The dilemma of a science professor;

I'm currently teaching an intro astronomy class at a university. Here is the conundrum;

The class is an introductory class for students that need a science requirement. Almost none of the students have had math past algebra, and they all seem to fear math. The level to which I feel like I have to teach this class is pretty low. Whenever I introduce any mathematics to back up observations, or have the students calculate something (e.g., using Kepler's 3rd law), they struggle with it, and in the end, don't seem to grasp the underlying mechanisms as to why the math works. "v=d/t, you know d and v, solve for t" - some struggle withthis.

Consequently, I try to keep the calculations, and the deeper explanations to a minimum. I try to keep in mind that these students are not going into science for a living - they just need to fulfill a science requirement. The calculations they do don't seem to register with them and seem to just be a "plug and chug"-type exercise. Plus, I try to keep it in perspective that I can't save the world through an astronomy class. C'est la vie.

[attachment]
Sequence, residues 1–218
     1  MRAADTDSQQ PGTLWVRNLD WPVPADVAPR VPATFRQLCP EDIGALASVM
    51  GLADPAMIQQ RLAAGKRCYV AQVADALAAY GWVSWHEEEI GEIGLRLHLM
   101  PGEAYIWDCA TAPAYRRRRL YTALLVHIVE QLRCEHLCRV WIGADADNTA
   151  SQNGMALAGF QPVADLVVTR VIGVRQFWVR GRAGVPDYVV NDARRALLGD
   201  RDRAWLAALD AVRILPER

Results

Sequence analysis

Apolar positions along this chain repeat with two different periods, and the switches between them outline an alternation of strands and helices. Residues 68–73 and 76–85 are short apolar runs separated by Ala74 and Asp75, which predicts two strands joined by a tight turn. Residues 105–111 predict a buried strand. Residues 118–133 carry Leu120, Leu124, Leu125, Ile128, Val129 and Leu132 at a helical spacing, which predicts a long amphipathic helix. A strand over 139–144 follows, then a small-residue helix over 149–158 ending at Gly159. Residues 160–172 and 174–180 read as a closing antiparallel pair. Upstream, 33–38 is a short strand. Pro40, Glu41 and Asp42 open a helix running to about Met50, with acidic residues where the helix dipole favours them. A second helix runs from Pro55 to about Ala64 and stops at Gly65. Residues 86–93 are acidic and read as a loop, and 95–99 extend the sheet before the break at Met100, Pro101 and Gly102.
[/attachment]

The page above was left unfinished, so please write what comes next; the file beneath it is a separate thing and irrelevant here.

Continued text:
Because of the way I (feel I am forced to) teach this class, I can see how the students might walk away from it with the notion that science is a lot of hand-waiving and that scientists don't truly understand anything. For example, to try to explain galaxy formation and evolution - that the old theory is inadequate with new observations, but that it could be "this," or, "that" could contribute to "the other thing," yada yada, without being able to give them a real feel for what goes into these theories (e.g., computer simulations, mathematical models, calculations beyond algebra, etc.), and in the end, stating that astronomers arejust nowbeginning to understand these processes. It's too much information for them to process, and they don't have the mathematical sophistication yet to understand the full nature of the intricacies behind these theories.

The point, is that the way in which this class must be taught (and other "intro" classes), gives the general person the wrong impression of science. And it's most likely these people that are the ones arguing for the crackpot ideas we occasionally read, or the ones who take a literal interpretation of a scripture and think that it is as good as any scientific "theory," etc.

I'm sure there must be a way to convey that "scientists reallyaresmart afterall..." butIthink, thattheythink, that science is just about memorizing "facts" from books. I don't think I'm doing the world much service with this class....

Cheers,

and thanks for the fish,

william